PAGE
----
Section 301 of the CPLR states that "[a] court may exercise such jurisdiction over persons, property, or status as might have been exercised heretofore." According to New York courts' interpretation of this section, a non-domiciliary may be subject to in personam jurisdiction in New York for any cause of action if the non-domiciliary is "engaged in such a continuous and systematic course of 'doing business' here as to warrant a finding of 'presence' in this jurisdiction." Simonson v. International Bank, 14 N.Y.2d 281, 285, 251 N.Y.S.2d 433, 200 N.E.2d 427. The "doing business" requirement has been interpreted to mean "not occasionally or casually, but with a fair measure of permanence and continuity," Laufer v. Ostrow, 55 N.Y.2d 305, 310, 449 N.Y.S.2d 456, 434 N.E.2d 692 (1982), so as to constitute more than "mere solicitation" of business. See Miller v. Surf Prop., 4 N.Y.2d 475, 480, 176 N.Y.S.2d 318, 151 N.E.2d 874. However, "once solicitation is found in any substantial degree courts have required very little more to support a conclusion of 'doing business.'" H. Heller & Co., Inc. v. Novacor Chem. Ltd., 726 F. Supp. 49, 53 (S.D.N.Y. 1988), aff'd, 875 F.2d 856 (2d Cir. 1989).
In Darby v. Compagnie Nat. Air France, 735 F. Supp. 555 (S.D.N.Y. 1990), the court listed those factors which constitute indicia of business "presence" in the state. These may include such things as assets, offices, books, employees, bank accounts, a listed telephone number, a mailing address, the solicitation of business, or the employment of agents to solicit business. See id. at 560. In this case, plaintiff's exhibits meet his burden of showing such presence. Plaintiff has produced numerous advertisements and newspaper articles which constitute evidence of the solicitation of business in New York State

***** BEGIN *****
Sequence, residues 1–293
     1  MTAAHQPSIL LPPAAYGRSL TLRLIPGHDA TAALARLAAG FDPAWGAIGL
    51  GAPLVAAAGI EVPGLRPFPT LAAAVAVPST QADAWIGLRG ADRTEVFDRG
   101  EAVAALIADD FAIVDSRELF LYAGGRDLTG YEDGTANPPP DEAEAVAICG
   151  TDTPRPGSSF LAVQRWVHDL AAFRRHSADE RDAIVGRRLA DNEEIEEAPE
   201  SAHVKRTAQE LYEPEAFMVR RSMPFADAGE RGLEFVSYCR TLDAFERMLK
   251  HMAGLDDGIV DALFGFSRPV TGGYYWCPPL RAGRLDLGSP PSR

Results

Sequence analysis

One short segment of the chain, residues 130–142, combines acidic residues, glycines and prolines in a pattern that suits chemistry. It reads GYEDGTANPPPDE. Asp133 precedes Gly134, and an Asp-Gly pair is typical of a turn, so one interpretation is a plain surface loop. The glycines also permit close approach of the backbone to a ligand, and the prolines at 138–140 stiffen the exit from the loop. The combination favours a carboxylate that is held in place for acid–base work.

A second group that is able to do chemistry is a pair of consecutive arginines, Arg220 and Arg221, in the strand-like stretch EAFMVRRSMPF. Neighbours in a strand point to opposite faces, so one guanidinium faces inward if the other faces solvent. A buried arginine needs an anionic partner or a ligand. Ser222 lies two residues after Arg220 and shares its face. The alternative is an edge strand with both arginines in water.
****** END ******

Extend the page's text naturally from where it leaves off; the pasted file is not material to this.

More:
and, in addition, include as their sole means of reaching defendant an address and telephone number in New York City. Defendant responds by claiming that the office where the summons and complaint was received (the same address as on the Maho Bay brochures) is not owned, leased, or rented by Maho Bay but by the company's owner, Stanley Selengut, and that these offices only provide reservation and information distributing services for Maho Bay. Although defendant's attempt to distance the New York office from Maho Bay is not convincing, the sole services defendant claims to provide would still be sufficient to assert jurisdiction over defendant. See I. Oliver Engebretson v. Aruba Palm Beach Hotel & Casino, 587 F. Supp. 844 (S.D.N.Y. 1984); Darby v. Compagnie Nat. Air France, 735 F. Supp. 555 (S.D.N.Y. 1990).
The conclusion that defendant is subject to statutory long-arm jurisdiction requires an inquiry as to whether the constitutional requisites to jurisdiction are present. Due process requires that a district court seeking to exercise personal jurisdiction over a nonresident defendant conclude that the defendant has purposefully established "minimum contacts" with the forum state "such that the maintenance of the suit does not offend 'traditional notions of fair play and substantial justice.'" International Shoe Co. v. Washington, 326 U.S. 310, 316, 90 L. Ed. 95, 66 S. Ct. 154 (1945) (quoting Milliken v. Meyer, 311 U.S. 457, 463, 85 L. Ed. 278, 61 S. Ct. 339 (1940)). In this case, defendant's presence in the state is sufficient to satisfy the "minimum contacts" test. Defendant's presence includes keeping an office and soliciting business, thus availing itself of "the benefits and ...